'Cool' language hybrid popping up in pop culture
By Teresa Wiltz
Feb. 18, 2003
It's a moment of high drama, the kind of which Tony Soprano would heartily approve.
"Ensename la carga," a mob boss orders his flunky, rubbing his hands with anticipation. The very idea of la carga has him literally jumping up and down.
"A ver . . . A ver que tienes! A ver que tienes!"
The flunky opens his SUV and out comes tumbling la carga: the bloody, bullet-ridden body of a DEA agent.
It doesn't take a linguist to figure out what's going on in Kingpin, NBC's new drama about a Mexican drug lord. Which is exactly the point these days as snippets of Spanish, sometimes translated but often not, increasingly crop up on the big and little screens.
As the U.S. Latino population expands to 37 million, on-screen life is gradually changing to depict la vida latina. That means Spanglish - the mixing of Spanish and English - is the featured act in mainstream Hollywood fare, from the movie Traffic, where a substantial part of the dialogue was in subtitled Spanish, to John Sayles' almost-all-Spanish Men With Guns, to both Spy Kids, where Spanish words were tossed about, to Spike Lee's 25th Hour, where untranslated dialogue floats around like background noise, to John Leguizamo's Empire, to Real Women Have Curves, in which the Latina protagonist is fluent in both California-ese and her parents' native tongue.
On the smaller screen, there is George Lopez, in which the Latino comic peppers his speech with orale. For preschoolers, there's Nickelodeon's bilingual Dora the Explorer.
Lalo Alcaraz's comic strip La Cucaracha uses Spanglish to poke political fun at Anglos and Hispanics alike. In literature, Junot Diaz's highly acclaimed short-story collection Drown incorporated elements of Spanish, as does Sandra Cisneros' Caramelo. Puerto Rican poet Giannina Braschi recently published her all-Spanglish novel, Yo-Yo Boing! (Discoveries).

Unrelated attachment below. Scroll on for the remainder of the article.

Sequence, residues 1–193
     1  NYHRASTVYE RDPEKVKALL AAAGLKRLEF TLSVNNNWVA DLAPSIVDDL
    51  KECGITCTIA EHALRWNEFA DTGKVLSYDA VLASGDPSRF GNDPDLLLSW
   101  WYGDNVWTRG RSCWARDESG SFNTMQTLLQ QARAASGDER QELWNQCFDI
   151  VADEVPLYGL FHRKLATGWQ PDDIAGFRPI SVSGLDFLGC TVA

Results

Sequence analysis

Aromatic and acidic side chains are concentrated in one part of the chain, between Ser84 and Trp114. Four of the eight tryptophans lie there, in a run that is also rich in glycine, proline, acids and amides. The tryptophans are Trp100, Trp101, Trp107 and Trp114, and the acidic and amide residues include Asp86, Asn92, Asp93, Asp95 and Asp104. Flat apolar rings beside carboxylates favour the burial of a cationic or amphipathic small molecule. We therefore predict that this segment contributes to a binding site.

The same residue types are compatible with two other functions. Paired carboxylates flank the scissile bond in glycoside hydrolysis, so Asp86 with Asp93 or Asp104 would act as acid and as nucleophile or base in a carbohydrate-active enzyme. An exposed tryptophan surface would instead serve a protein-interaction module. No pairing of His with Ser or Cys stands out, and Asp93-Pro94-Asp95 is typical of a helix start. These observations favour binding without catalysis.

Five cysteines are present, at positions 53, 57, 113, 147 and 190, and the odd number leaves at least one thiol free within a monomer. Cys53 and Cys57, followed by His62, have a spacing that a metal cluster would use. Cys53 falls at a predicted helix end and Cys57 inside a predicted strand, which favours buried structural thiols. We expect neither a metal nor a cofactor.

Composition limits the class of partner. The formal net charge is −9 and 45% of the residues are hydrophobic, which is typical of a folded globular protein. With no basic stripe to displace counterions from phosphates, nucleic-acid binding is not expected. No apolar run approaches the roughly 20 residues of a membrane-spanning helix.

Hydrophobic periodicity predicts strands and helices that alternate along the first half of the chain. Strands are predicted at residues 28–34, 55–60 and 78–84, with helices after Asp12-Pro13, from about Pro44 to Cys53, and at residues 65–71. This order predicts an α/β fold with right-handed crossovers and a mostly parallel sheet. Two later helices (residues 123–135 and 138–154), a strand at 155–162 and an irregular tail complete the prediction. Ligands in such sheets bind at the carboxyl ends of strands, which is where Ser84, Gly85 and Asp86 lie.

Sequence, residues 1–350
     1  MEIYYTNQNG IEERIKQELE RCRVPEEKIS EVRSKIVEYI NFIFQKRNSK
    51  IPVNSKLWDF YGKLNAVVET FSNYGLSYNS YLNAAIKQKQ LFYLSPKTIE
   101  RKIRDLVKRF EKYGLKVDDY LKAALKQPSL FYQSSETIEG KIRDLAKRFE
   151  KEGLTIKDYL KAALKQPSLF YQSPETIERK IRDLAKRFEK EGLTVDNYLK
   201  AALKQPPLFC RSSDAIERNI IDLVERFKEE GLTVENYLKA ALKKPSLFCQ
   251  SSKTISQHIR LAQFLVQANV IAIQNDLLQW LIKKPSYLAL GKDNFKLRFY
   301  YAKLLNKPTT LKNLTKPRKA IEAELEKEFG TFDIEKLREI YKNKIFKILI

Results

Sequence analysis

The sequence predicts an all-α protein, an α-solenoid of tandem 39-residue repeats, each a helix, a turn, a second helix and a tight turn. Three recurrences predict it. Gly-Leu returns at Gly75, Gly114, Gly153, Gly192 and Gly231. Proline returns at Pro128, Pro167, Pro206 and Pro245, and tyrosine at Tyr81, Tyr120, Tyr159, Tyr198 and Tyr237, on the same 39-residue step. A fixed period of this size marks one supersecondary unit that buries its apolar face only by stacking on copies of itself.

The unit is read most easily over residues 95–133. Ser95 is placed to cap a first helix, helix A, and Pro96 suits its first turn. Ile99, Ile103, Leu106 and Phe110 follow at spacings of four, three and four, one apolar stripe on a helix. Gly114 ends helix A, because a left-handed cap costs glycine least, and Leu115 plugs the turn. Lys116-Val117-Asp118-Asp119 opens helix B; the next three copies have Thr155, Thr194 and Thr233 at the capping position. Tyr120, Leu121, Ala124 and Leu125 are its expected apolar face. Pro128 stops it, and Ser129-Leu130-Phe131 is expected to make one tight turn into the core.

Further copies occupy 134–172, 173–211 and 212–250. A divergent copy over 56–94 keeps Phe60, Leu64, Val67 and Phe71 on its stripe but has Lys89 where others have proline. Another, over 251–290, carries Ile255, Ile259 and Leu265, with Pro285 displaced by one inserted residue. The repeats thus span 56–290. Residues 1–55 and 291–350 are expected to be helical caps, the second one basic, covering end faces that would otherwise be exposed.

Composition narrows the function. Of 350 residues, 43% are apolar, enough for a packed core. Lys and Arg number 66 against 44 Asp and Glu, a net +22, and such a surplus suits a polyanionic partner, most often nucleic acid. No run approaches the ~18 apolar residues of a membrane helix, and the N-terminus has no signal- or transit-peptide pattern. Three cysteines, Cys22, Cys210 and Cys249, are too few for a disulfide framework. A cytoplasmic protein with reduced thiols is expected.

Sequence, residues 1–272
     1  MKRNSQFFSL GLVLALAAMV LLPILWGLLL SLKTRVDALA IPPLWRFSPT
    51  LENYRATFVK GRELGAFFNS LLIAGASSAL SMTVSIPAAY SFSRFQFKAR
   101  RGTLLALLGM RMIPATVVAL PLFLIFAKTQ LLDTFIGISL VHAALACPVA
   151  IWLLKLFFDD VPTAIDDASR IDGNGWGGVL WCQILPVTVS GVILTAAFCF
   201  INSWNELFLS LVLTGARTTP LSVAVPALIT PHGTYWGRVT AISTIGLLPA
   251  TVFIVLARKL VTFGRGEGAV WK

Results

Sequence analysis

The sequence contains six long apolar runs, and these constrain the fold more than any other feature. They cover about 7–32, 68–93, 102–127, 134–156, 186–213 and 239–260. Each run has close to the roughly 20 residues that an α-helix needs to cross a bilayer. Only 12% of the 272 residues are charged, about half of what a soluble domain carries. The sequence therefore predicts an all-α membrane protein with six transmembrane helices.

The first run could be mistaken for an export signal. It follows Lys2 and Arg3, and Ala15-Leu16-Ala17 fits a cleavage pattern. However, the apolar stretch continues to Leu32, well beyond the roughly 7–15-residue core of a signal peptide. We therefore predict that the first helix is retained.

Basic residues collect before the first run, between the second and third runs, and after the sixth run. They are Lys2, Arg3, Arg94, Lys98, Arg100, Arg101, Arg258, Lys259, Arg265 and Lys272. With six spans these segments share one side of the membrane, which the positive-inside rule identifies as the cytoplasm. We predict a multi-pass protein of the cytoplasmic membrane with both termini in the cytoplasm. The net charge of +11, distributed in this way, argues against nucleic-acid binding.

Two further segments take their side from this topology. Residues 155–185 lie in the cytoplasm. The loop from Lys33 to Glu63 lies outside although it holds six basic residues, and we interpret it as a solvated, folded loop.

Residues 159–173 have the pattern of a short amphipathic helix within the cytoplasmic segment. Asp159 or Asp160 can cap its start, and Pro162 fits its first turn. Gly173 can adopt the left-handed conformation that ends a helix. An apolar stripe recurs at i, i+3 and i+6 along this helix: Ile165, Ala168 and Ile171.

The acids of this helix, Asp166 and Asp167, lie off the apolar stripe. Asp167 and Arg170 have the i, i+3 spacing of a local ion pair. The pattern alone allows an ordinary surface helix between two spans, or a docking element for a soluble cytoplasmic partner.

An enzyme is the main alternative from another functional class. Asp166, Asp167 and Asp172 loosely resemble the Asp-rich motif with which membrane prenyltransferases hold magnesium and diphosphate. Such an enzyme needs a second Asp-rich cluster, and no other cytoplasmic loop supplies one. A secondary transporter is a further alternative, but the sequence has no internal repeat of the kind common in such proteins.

Spanish is hip, a flavoring, a punctuation, a way to express cultural pride - and an awareness of the rapidly changing U.S. landscape.
"Latino culture is moving from the periphery to center stage," says Ilan Stavans, author of Spanglish: The Making of New American Language and professor of Latin American and Latino culture at Amherst College in Massachusetts.
"Mainstream Americans are absorbing this and thinking that it's hot. I've even seen Spanglish Hallmark cards," Stavans says. "This Spanglish thing is very cool, even if you don't speak it. It makes you attractive to younger people, to a particular audience that's out there and that corporations want to address."
Which means that, at times, the use of Spanglish is nothing more than a marketing move, a wink-wink way to acknowledge the nation's new reality without doing much more.
"I find it just interesting that certain elements of me are fit for consumption but certain aspects of my culture are not," the Dominican-born Diaz says. "I'm not sure the appearance of Spanish means much for the masses of Latinos who are struggling for social justice or . . . just trying to have better lives."
In Hollywood, few Latinos have the power to greenlight a project and, therefore, the power to control Latino images. Showtime's Resurrection Boulevard, one of the first TV dramas to be written by, produced by and star Latinos, put some 500 Latino actors to work during its three-season run - more than all four networks had done in the previous 10 years, according to Alex Nogales, president of the National Hispanic Media Coalition. The show has been canceled because of poor ratings.
George Lopez made it to ABC, thanks in large part to executive producer Sandra Bullock.
Stand-up comic Lopez wanted to create a mainstream sitcom about a family that just happened to be Latino - no stereotypes, no bad accents.
So, his first season, he dropped only one bit of Spanish into the mix: He called his TV grandmother a "crazy old vieja."
"We've been invisible for so many years," Lopez says. "I want to bring what's really out there, culturally, with language. Latinos have infiltrated every aspect of the culture. It's a connection that we are making when TV is not as milquetoast as it's always been.
"It's like food - it adds flavor."